Parents of bullied CPS students seek to make changes in schools

CHICAGO (WLS) -- Parents of Chicago Public Schools students who have been bullied gathered Saturday to find a way to keep their kids in school.

Among them was the mother of an 11-year-old who is currently on life support after trying to take his own life because of bullying.

Parent Sequoia Williams, whose 8-year-old son Mason ended up with a broken arm after repeated bullying at Woodson South Elementary School in the Bronzeville neighborhood, was also among the parents.

"My son had been pushed down steps and they tried to pretend like it was an accident. I then found out it was on purpose," Williams said.

Her son was a second-grader when the incident occurred.

Another Woodson student - 11-year-old Jamari Dent - tried to kill himself because of repeated bullying, his family said. The child remains hospitalized on life support.

A small group of CPS parents, along with education advocates and community leaders, met to a talk about the safety of their children.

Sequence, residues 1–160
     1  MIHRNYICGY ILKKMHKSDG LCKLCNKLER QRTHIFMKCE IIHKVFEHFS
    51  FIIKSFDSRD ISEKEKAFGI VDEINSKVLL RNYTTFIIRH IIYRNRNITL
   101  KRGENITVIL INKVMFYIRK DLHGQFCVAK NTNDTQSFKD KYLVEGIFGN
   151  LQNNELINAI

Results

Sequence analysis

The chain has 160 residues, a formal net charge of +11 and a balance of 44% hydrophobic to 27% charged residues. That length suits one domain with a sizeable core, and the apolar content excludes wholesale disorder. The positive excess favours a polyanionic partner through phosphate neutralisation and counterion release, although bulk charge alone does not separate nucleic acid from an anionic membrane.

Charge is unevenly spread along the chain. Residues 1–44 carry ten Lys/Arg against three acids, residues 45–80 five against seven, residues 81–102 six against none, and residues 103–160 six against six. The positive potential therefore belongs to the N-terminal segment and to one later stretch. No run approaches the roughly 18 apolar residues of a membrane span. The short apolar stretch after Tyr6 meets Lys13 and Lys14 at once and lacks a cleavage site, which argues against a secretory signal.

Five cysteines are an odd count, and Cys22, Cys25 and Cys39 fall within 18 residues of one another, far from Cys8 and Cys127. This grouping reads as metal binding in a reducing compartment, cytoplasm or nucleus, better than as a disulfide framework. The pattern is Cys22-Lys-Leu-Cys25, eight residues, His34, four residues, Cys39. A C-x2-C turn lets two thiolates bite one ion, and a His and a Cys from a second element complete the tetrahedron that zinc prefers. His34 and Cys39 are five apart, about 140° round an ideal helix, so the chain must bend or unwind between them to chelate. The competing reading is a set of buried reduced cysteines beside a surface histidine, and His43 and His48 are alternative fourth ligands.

"What is it going to take for you to listen to and to actually see there's a problem?" said CPS parent Natasha Erskine.

Parents at the meetings said they have voiced their concerns with emails and at CPS board meetings but to no avail. They hope that joining together will bring about change. It's the first meeting, but they hope others will follow to make changes in the schools.

"We're watching our neighborhoods and communities crumble, so we need to take a step back and say how do we rebuild our community and it starts with the schools," said CPS parent Brian Mullins.

The group met at the Heritage Cafe on 79th Street which is owned Deion Steele, who spent nine years as a charter school principal.

The former educator cautions parents about being too quick to blame school officials while encouraging school administrators to commit taking bullying incidents seriously.

"I'm not speaking in defense of principals. I just know what the resources are like when it comes to the schools, so I want the parents to demand the resources for them to be able to do what they're doing," Steele said.

In a statement, a CPS spokesman said: "CPS is fully committed to creating safe and supportive learning environments for all students, and the district does not tolerate bullying or harassment in any form. To prevent and respond to bullying, CPS utilizes a robust anti-bullying policy that outlines the steps all schools must take to ensure students are supported."
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